Editorial - Mark 9/11 with commitment to tolerance
Published: Tuesday, September 11, 2012
Updated: Tuesday, September 11, 2012 06:09
Today, we mark another anniversary of the horrific 9/11 attacks.
Eleven years have passed since thousands of our fellow citizens were tragically slaughtered and our nation was shaken to its core. There can be no denying that the harrowing attacks on Washington, D.C., Pennsylvania, and New York City transformed us as a country.
These attacks were part of a calculated assault on our sense of security, our economic prosperity and our unity.
But 11 years later, the terrorists have been unable to duplicate their success on 9/11, as their plots have been foiled time and time again. Their leader is dead, and their radical ideology has been rejected by the Muslim world. A new, gleaming World Trade Center, which will be the tallest building in the Western Hemisphere upon its completion, now fills the gaping void 9/11 left in New York City’s emblematic skyline.
So, it seems Al Qaeda failed to achieve most of its goals. That’s right: Most, but not all.
Sadly, their attempt at sowing the seeds of divisiveness that undermine our pluralistic society has ,in many respects, been successful. This is perfectly illustrated by a recent FBI report that found hate crimes committed against Muslims in the U.S. are at their highest rate since 2001. A steady stream of headlines reporting these bigoted acts has consistently populated our news feeds for the past 11 years.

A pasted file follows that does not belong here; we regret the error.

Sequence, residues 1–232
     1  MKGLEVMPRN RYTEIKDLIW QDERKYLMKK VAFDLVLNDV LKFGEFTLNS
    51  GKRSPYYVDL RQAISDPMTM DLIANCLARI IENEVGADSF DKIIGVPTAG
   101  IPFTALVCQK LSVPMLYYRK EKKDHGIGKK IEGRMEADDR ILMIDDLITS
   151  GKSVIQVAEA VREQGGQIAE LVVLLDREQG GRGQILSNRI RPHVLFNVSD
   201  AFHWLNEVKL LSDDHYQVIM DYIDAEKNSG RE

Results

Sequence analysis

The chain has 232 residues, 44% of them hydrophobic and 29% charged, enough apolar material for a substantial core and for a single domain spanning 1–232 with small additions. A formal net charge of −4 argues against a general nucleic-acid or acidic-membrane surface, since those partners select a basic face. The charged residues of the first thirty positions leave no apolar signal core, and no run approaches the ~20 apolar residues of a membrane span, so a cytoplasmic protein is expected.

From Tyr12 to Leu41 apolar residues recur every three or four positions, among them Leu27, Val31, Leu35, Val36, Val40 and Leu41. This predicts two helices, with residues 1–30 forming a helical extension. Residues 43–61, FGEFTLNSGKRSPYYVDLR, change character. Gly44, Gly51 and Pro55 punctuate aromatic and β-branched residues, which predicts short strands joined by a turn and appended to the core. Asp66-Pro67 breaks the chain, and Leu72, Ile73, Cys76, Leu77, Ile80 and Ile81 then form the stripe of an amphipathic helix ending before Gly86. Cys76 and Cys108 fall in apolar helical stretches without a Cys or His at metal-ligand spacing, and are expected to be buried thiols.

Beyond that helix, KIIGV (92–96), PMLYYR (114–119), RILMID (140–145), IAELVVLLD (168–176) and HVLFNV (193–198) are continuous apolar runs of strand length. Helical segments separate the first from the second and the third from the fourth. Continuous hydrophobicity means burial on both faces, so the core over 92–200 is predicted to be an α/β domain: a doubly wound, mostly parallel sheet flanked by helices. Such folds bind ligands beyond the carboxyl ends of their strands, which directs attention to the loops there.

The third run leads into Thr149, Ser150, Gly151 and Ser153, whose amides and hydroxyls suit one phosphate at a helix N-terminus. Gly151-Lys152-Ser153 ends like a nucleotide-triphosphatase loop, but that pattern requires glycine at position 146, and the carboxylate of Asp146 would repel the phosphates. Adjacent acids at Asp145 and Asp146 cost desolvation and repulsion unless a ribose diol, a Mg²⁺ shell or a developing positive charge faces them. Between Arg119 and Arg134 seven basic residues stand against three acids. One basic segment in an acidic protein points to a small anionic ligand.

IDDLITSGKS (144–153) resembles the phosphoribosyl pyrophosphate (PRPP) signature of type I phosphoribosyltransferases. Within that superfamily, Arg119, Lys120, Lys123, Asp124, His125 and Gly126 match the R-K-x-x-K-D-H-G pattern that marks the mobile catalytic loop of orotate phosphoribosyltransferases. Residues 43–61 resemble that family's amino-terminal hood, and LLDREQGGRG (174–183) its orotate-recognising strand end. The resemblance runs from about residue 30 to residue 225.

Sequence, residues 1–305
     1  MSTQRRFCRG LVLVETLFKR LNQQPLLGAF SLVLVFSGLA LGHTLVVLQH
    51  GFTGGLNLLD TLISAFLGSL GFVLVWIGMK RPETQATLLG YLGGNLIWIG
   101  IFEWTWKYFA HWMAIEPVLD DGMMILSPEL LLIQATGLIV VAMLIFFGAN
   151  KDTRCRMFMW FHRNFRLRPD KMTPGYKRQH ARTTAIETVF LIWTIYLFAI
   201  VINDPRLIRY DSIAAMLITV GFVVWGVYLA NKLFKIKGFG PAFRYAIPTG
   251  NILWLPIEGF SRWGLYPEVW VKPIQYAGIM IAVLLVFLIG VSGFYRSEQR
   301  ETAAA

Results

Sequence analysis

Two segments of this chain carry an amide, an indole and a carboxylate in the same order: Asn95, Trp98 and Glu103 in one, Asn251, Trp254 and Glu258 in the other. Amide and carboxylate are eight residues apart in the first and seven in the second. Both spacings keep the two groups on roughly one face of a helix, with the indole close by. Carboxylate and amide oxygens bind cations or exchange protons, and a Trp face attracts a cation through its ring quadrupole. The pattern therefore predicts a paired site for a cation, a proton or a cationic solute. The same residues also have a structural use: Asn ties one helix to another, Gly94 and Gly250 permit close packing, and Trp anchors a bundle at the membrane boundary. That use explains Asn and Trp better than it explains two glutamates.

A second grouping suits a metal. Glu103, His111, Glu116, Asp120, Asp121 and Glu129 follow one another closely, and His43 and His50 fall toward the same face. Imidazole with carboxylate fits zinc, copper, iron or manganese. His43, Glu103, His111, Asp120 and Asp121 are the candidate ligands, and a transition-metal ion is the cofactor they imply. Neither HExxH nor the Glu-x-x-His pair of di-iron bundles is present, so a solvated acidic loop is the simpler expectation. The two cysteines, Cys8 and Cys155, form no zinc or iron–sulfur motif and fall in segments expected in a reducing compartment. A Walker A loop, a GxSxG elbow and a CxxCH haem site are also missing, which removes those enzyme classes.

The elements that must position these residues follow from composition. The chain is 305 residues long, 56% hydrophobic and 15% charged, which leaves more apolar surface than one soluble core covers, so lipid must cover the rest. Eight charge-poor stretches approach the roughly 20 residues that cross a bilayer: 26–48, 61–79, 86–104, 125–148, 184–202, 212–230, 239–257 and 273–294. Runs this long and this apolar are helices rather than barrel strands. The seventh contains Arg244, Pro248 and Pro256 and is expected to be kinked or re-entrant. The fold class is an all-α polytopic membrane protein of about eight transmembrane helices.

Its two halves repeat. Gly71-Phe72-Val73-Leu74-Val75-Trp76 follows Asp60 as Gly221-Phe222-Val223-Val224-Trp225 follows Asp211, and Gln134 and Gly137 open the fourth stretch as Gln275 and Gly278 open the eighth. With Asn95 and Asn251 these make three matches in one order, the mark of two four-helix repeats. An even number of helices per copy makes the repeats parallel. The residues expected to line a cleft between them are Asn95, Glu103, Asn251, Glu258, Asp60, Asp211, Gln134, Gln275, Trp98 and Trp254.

This troubling trend took an appalling turn last month when a neo-Nazi gunman massacred six worshipers at a Sikh temple. The shooter presumably targeted the Sikhs because of his inability to distinguish one group of brown, religious people from another.
The hateful sentiments that allegedly inspired this shooter are not as fringe as one might think. A recent poll found 57 percent of self-ascribed Republicans had an unfavorable view of Muslims. In another poll, less than half of rural southerners said they would be "okay" with a mosque being built in their community.
These numbers are a disturbing rejection of the founding ideals of our country. There are millions of patriotic Americans who faithfully practice their Muslim faith while dutifully serving their country as congressmen, cancer researchers, teachers and soldiers. Dozens of Muslims, from businessmen to first responders, were among the victims of 9/11.
To discriminate against a group of people with close to two billion adherents based on the actions of a handful of extremists is antithetical to our founders’ commitment to tolerance and pluralism.
As we mark the latest anniversary of one of our nation’s darkest days, let us remind ourselves that it is our differences that made us the most prosperous, most powerful country in the history of the world.